Lead Forensics

OPINION

Building a brand to IPO

16 Dec 2020

An IPO can be the ultimate ambition for a business leader – some of the UK’s biggest brands had to start somewhere. Three successful founders talk to Rebecca Burn-Callander about their journey.

It was only when Fever-Tree founders Tim Warrillow and Charles Rolls secured private equity investment in 2013 that the pair first thought about IPO as a route to growth. The premium mixers brand they had founded in 2005 had reached a turnover of £16m. “When we took on private equity, we started thinking: what next?” says Tim. “We knew we wanted to keep growing the business over the long-term, so an IPO was the natural next step.”

Tom Joule, founder of Joules, went on a similar journey. His company designs and sells clothing, footwear, accessories, homewares and other lifestyle product ranges inspired by family, fun, and country living. He started the business in 1989 selling his products at county fairs and agricultural events across the UK. “I started this company from a table in a field,” he says. “During the first few years, all I thought about was how to survive, then how to differentiate the brand. But as the business evolved, I started to think bigger. Once we took on investment, that was a turning point. I knew that I didn’t want to sell to another company down the line. An IPO made sense.”

In contrast, Debbie Bestwick MBE, founder of Team17, the videogames maker behind the iconic Worms franchise, started dreaming of running a public company when she was just a teenager. “When I was 16, I was reading autobiographies of businesspeople who were running huge listed corporations,” she says. “My dream, from the first day I started Team17, was to float on the London Stock Exchange. That ambition was there all along.”

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My dream, from the first day I started Team17, was to float on the London Stock Exchange. That ambition was there all along.”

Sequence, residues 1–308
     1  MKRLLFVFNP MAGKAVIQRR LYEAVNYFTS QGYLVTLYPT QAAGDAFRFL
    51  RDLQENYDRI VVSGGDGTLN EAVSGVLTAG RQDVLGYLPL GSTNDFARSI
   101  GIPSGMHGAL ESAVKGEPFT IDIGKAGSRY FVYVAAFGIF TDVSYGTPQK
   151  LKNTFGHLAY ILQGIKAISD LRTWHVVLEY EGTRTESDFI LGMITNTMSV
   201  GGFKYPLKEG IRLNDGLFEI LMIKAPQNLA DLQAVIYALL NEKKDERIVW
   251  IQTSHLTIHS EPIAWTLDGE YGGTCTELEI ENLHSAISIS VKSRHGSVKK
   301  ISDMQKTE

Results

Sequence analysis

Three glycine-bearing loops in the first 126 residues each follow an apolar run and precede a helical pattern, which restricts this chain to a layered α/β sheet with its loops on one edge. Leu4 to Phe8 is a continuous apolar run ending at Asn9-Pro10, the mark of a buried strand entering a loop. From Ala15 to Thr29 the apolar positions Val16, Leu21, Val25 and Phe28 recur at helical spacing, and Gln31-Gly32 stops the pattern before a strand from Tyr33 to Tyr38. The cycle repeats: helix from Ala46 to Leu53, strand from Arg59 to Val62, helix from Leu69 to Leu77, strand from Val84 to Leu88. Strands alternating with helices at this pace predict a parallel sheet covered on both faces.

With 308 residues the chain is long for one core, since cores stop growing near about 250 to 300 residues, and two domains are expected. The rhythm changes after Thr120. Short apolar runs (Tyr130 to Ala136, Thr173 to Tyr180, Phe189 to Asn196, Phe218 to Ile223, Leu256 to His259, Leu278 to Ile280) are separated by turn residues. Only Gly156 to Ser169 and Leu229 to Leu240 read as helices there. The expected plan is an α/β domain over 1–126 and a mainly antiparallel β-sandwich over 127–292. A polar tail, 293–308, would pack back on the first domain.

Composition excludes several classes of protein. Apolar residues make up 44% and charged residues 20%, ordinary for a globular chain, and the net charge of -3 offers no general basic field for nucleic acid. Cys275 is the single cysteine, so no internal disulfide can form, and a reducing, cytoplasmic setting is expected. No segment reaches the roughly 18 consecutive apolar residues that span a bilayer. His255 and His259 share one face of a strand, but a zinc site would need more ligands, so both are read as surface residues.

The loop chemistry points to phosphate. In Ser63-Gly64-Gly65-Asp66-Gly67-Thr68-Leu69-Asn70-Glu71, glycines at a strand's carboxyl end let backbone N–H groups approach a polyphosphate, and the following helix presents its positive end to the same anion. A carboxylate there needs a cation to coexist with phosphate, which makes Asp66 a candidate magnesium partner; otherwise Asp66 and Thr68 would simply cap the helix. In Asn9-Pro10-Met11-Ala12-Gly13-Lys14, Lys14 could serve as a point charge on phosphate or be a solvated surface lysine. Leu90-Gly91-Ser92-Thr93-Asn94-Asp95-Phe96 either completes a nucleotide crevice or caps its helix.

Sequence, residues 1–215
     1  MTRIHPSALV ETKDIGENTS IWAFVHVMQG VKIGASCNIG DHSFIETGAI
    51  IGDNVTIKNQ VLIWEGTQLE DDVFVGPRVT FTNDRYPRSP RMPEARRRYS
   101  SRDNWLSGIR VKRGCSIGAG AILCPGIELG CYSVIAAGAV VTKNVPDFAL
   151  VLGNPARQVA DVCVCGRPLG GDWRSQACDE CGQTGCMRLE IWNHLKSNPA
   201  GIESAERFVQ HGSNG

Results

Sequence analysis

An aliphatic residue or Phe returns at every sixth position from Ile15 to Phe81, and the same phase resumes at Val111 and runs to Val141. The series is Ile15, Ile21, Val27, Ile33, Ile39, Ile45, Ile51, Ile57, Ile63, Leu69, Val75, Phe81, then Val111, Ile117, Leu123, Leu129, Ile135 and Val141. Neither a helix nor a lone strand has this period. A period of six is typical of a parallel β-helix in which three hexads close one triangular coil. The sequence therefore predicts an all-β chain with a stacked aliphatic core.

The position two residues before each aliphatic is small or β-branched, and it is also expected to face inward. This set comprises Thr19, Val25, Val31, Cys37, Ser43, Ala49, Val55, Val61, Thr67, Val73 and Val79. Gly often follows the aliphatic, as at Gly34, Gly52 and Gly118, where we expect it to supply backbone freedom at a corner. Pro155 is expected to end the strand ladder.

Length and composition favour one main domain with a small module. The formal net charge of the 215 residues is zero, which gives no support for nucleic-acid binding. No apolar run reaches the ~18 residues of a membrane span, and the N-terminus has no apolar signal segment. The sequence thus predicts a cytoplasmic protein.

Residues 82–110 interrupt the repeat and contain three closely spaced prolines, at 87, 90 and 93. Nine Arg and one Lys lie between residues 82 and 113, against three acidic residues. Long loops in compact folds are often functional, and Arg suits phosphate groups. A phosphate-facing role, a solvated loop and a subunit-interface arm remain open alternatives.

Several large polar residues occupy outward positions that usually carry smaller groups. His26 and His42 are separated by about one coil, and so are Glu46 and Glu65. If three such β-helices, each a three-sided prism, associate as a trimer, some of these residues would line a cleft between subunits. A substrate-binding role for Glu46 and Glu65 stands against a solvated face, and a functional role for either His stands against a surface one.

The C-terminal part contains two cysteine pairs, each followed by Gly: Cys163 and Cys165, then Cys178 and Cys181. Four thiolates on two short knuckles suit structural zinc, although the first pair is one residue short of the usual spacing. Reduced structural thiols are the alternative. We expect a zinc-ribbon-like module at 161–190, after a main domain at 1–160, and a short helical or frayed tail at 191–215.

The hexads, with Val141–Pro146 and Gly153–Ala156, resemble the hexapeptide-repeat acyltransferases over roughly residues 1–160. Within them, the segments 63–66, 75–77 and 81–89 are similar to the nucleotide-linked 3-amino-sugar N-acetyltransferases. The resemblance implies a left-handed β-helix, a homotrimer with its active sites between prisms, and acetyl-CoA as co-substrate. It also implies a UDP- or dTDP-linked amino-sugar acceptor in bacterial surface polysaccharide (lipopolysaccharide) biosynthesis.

Debbie Bestwick MBE, Founder
Team17

Listing a business creates an incredible opportunity to grow, but running a listed company presents unique challenges. “It’s a far stricter regime,” says Tom. “As an entrepreneur, you have to make your peace with that. And you also need to make sure you have the resources to run the business while meeting all the obligations that come with being a listed company. I have always had a CEO running alongside me while I focus on creative strategy and that has worked well.”

These three founders believe there is no set timeframe for an IPO: when you know, you know.

The Fever-Tree founders waited almost a decade to list on London’s AIM market. For Joules, it took just shy of 30 years; the business listed on the London Stock Exchange in 2016. Debbie almost attempted an IPO in 2016 but decided on private equity as a steppingstone. “I realised it was too early, and didn’t know how I’d cope in that environment, dealing with the City every day. It was only when I secured private equity investment that I felt confident enough to start thinking about an IPO again.” The listing process and due diligence may be intense but, with the right advisers and partners, it can be completed quickly. “It only took us 92 days from when we made the decision to IPO,” she says.

All three businesses have flourished post-IPO. In 2018, Team17 launched on AIM with an oversubscribed listing. “It took us less than two years to treble our share price,” Debbie explains. This sentiment is echoed by Tim: “We are more ambitious than we have ever been,” he says. “Fever-Tree now employs 250 people around the world and as we grow, the size of the opportunity grows too. It’s very exciting, and there’s no doubt that we have benefited from the increased public awareness as a listed business. That has also helped us to build on our international growth, giving overseas partners real confidence in our brand.”

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Running a public company gives you the opportunity to attract talent that you never would otherwise.”
Tom Joule, Founder
Joules

“Running a public company gives you the opportunity to attract talent that you never would otherwise,” explains Tom. “And it feels amazing to fulfil your potential as a business.”

Debbie advises any entrepreneur with a fast-growth business to think about the value of an IPO. “I have always had a burning ambition to grow a business, and create something really special here in the UK,” she says. “A lot of gaming companies get sold overseas but I wanted to prove that I, a working-class girl, could build a British success story. An IPO has helped me do just that.”

LDC is sharing inspirational stories from its current and past portfolio company leaders to mark 40 years of backing ambitious businesses across the UK.

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